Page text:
Monday Is Today
What happens to our dreams when we wake up in the morning? We remember them for a few minutes, maybe a day or two if we’re lucky, and then they disappear. If we write them down or tell someone about them, we can hold on to them longer.
What happens when we have a crazy dream like running a marathon or decide to start a diet or get back to the gym? We say, “I’ll start on Monday.” But what happens when Monday never comes?
In my last post, I wrote about how we could be limitless together and recounted my running training as I approached the first benchmark race leading up to the half marathon. I was so proud of the work I had put in, even though I had put things off until Monday more times than I cared to admit. But when race day came around, I was feeling strong enough.
I checked in early, took extra time to stretch, and tried to let myself enjoy the atmosphere of the race. I wasn’t nervous at all despite the fact that it was the farthest race I had participated in to date, and involved running over the Ben Franklin Bridge and back. I had run further than six miles plenty of times before, I had cross-trained all summer – this was my day!
And then the gun went off, and I took one step, and immediately thought – “uh oh.”
The truth is, I had so much already on my plate that week that the race was just a blip on my radar. Physically, I was in peak condition. Mentally, I wasn’t even in the same century as the race.
As I worked my way up the first incline, I couldn’t help but notice the waves of people passing me over and over and over again. I knew I had started in the correct corral, and yet I was falling towards the back of the pack faster than I was making my way over the bridge. Around the two-mile mark I finally felt like I hit a good stride, but then around mile 5, I lost my groove. Thankfully, someone who had been near me most of the race encouraged me to keep going when I was walking just a quarter-mile from the finish line, and my best running buddy Ryan was there at the end cheering for me like a crazy person.
I got my medal, got my free beer, and retreated behind the bleachers to lay down and think about what had just happened.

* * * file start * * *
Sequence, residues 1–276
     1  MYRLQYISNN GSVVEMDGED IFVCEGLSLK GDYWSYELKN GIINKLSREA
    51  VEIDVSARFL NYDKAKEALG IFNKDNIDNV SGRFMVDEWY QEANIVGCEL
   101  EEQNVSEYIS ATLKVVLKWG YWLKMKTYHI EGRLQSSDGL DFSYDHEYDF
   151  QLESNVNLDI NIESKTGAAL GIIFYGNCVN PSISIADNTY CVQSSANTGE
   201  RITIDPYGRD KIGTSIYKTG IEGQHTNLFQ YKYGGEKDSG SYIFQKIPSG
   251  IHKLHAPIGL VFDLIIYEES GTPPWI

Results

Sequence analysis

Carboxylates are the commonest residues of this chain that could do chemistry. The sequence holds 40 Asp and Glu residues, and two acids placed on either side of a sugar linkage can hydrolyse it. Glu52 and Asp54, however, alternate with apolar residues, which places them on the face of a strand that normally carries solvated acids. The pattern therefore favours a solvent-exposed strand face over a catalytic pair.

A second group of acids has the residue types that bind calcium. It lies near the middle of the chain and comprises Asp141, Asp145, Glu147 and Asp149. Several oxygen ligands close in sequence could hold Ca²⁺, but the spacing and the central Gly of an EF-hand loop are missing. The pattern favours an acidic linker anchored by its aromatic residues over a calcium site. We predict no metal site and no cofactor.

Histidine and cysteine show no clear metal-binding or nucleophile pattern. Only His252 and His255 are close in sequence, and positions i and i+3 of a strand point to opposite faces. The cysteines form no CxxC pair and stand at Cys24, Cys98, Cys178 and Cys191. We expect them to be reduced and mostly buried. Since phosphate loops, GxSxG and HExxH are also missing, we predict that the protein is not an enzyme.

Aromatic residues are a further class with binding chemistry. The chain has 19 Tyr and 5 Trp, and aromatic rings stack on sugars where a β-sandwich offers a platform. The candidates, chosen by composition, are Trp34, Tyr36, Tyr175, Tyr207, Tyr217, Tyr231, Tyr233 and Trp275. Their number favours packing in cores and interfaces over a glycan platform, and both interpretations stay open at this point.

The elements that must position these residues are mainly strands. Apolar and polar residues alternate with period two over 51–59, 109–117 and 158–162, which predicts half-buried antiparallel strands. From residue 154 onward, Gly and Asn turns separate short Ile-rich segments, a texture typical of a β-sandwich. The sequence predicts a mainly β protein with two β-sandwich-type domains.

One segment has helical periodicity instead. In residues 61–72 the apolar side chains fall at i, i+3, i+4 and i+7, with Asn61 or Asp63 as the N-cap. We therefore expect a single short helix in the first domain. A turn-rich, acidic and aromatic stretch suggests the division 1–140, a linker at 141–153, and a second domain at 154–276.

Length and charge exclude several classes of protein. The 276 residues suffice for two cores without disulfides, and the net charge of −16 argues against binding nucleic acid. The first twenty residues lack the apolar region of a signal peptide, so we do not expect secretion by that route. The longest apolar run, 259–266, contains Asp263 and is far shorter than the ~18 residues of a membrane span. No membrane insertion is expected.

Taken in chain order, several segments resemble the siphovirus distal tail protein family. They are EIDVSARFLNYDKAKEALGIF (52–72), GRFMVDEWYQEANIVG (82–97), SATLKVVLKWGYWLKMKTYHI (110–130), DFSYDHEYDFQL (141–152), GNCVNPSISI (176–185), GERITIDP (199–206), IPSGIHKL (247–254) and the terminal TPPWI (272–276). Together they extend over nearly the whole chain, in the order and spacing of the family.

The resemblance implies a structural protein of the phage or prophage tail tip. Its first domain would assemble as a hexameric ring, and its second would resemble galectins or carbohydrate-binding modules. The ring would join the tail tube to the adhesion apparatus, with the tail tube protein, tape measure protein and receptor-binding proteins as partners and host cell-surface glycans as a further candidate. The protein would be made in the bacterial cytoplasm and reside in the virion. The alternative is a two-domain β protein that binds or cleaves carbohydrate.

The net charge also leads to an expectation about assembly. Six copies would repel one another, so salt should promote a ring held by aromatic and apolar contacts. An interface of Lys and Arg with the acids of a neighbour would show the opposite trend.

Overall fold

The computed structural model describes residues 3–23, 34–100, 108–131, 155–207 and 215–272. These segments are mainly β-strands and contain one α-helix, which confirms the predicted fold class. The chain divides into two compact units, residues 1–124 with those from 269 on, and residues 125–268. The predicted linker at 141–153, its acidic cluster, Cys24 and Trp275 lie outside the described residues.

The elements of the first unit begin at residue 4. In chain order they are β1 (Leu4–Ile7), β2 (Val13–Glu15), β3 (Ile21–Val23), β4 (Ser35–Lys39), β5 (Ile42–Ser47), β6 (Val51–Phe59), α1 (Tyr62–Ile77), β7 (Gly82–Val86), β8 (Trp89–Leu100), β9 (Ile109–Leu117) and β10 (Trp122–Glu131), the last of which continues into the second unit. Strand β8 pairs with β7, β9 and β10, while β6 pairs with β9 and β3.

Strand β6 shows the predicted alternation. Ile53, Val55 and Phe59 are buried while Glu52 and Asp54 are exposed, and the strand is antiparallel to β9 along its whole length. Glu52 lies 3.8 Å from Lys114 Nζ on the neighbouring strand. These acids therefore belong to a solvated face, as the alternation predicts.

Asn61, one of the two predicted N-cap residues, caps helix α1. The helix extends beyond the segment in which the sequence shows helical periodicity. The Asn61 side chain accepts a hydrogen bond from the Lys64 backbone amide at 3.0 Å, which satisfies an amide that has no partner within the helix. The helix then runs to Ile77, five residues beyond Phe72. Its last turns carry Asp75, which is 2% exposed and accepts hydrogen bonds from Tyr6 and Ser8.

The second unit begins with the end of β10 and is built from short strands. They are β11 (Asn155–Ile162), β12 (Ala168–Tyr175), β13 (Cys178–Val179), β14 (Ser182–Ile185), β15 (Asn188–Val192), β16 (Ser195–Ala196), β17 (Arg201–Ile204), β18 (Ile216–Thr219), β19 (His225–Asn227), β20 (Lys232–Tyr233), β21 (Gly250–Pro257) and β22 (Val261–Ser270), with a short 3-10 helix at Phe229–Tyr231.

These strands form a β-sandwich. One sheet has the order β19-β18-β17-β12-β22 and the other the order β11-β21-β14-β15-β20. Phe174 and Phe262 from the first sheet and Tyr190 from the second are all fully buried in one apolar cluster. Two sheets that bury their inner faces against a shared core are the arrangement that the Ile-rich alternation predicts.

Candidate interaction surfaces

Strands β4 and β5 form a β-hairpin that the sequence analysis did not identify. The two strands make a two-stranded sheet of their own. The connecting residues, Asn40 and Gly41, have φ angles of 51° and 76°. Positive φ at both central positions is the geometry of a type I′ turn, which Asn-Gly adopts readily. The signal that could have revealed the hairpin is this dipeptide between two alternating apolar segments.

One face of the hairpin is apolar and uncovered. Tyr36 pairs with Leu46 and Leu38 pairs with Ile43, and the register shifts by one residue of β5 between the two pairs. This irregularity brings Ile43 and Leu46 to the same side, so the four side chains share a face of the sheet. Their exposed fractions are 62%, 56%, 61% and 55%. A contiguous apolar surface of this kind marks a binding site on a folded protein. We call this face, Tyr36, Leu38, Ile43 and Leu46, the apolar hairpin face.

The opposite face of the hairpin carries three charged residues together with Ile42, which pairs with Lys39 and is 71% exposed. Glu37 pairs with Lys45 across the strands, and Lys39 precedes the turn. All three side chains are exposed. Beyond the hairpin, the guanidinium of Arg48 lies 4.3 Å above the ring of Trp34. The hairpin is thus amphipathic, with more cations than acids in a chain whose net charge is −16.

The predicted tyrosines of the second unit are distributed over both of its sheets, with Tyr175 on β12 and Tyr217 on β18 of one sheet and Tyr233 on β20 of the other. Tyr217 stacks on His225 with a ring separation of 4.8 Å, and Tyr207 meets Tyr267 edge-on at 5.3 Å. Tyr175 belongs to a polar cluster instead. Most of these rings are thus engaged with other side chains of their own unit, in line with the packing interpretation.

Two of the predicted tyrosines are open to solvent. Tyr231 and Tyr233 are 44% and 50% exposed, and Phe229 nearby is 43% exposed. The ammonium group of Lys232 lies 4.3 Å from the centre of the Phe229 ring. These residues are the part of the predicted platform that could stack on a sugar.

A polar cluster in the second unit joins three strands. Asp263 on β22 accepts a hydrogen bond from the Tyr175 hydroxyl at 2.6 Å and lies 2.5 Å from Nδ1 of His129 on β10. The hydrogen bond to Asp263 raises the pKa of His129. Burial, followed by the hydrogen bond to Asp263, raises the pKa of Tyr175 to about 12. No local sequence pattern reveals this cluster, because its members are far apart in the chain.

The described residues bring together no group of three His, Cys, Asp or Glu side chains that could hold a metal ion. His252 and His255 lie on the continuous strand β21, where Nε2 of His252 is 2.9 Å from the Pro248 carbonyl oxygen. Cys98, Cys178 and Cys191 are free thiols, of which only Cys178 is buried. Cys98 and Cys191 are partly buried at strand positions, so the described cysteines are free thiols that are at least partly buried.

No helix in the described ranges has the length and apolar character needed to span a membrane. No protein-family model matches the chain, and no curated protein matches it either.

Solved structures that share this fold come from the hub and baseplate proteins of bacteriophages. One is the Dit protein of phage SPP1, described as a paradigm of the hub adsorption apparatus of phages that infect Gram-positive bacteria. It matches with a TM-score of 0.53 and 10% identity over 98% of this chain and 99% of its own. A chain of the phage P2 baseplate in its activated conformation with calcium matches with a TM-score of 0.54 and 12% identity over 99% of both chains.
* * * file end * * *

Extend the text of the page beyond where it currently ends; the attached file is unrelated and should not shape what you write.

What had happened, was I was not mentally present for the race – at all. Not even a little bit. What had happened was I had had my first bad run on a race day. What had happened was I was really, really proud of the training I had put in and I didn’t feel proud of the results because they didn’t match the effort it took to get there. What had happened was I set a time goal for myself when I had never run that particular race before and had no experience to draw from when setting that goal. And then what happened was I pouted about it for two weeks and kept telling myself, “I’ll get back out there on Monday.”
Well, it’s been a month and Monday never came. It’s been a month since one little bad run, and I’m registered for five spring runs – including now TWO half marathons – because instead of getting back on my feet on Monday, I got back on my debit card and tried to make myself feel better by buying new shoes and trying new races even though that’s not going to change what already happened.
But what if I hadn’t put things off until Monday so many times during my training? What if I hadn’t waited for Monday after the race to shake off my pity party? Because – spoiler alert – there have been like FIVE Mondays since that day and yet here I am, still kicking myself a little for one bad day.
The point is, the Mondays are going to come and go. Monday doesn’t wait for you. It moves on. Just like the dreams we have when we sleep, if we don’t work on actively remembering them right away, we lose them. If we want to make a change in our health, it won’t get easier to start on Monday. Once you have that dream, hold on to it and start right away.
Monday doesn’t have to be on Monday.
Monday can be today.
Monday should be today.
If you’re ready for today to be your Monday, CLICK HERE for a free 3-day pass to CHHRC. There’s no day but today to make your dreams a reality.